If you have the opportunity to have other people read for your class, take advantage of that. It’s great for kids to see multiple people reading to them; they get to see & hear different styles, and they grow to appreciate that reading is a valuable & enjoyable practice for many people. Other teachers, parents, the principal, older students—get them in there with a book in their hands! Also, if there’s a book that you just don’t love (to put it mildly), this is your opportunity for someone else to do the dirty work. On the other hand, in some cases it can be valuable to share a book you don’t care for, and then talk about why you do not like it.
See where the story takes you.
There are the lessons you might plan around a book: math, art, social studies—or no plan at all, just pure enjoyment—and then there’s the emergent curriculum, which the children suggest based on sparks they pick up from your reading. Pay attention to the discussions that follow the reading of a book, and consider how you can use the students’ enthusiasm to boost your educational goals.
How about storytelling? Ask the students to put themselves in the place of a character from the book, or to create a “further adventure” of that character. Take turns telling the story before it is time to write it down & create a book to share. Storytelling before writing helps the student organize their thoughts & gauge audience reaction—it’s a great pre-writing step!
Keep the books around—and listen.
Make the book—and extra copies, if possible—available for free-reading time. Give the kids the opportunity to share the book aloud, and listen to the dynamic performances!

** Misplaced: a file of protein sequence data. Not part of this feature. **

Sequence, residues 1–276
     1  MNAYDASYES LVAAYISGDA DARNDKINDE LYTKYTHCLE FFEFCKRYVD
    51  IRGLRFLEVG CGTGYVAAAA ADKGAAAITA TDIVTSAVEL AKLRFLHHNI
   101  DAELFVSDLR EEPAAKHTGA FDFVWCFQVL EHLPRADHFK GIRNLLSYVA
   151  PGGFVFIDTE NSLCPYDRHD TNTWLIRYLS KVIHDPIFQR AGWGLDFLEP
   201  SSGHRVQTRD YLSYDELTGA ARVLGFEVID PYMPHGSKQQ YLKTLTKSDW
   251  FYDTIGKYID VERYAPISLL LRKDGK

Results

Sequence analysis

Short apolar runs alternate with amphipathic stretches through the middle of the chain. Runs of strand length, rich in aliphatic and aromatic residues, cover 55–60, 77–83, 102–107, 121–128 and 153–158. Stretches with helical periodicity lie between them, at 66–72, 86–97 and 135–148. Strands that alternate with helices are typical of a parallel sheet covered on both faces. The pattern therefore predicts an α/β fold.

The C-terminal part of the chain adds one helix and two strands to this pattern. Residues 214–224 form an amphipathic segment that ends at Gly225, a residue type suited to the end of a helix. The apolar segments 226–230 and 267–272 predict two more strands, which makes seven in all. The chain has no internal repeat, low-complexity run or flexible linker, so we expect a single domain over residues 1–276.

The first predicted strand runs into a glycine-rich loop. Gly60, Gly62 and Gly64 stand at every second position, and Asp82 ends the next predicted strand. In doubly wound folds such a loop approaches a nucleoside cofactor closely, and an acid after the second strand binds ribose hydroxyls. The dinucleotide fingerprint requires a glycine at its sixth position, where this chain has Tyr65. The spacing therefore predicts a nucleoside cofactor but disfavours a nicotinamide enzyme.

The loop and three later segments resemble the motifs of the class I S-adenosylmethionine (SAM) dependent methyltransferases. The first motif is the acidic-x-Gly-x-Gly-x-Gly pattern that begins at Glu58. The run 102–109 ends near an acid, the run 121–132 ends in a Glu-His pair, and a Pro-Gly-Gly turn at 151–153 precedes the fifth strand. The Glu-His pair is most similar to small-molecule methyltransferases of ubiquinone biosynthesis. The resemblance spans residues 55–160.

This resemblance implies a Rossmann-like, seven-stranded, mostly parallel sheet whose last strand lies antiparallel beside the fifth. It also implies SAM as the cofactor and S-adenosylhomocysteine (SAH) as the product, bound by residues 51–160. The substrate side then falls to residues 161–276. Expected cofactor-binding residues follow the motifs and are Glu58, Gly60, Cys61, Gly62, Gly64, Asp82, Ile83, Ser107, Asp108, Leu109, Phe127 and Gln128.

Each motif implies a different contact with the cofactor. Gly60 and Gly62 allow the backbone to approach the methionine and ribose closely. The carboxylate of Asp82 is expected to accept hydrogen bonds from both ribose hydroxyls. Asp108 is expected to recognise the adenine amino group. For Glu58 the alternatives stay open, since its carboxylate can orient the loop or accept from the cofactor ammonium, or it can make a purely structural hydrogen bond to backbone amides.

Share with families.
Keep families abreast of classroom reading. Share links to the book on the local library website, and encourage families to read the book together at home. Get the children talking about the stories, and their own writing, at home. It’s all about sharing the love, and the benefit, of reading.
Pick up some folktales from your libraries. Try trickster or “noodlehead” stories, or “how and why” stories, which kids love. Find a favorite simple enough for you to learn, and share it with your class, using your engaging skills you demonstrate as a reader. Have the kinds of discussions you’d have after reading a book—and then invite your students to be storytellers and authors. What do you think the character looks like? How would you make her sound? Have the children work on making their own stories of these genres. When it comes to writing time, pair up students as authors & illustrators to create an amazing classroom library to share!
You can tie storytelling to just about every area of your curriculum (stories don’t have to be fiction), and you can almost without even trying tie storytelling into the Common Core Standards. The practice boosts comprehension of language and content, introduces vocabulary and tropes, and is a great pre-writing exercise. For an in-depth look at how to take advantage of all of the benefits storytelling offers in meeting Common Core goals, read “Storytelling and the Common Core Standards,” created by the Youth, Educators and Storytellers Alliance, and available at http://yesalliance.org/resources/storytelling-and-the-common-core-standards.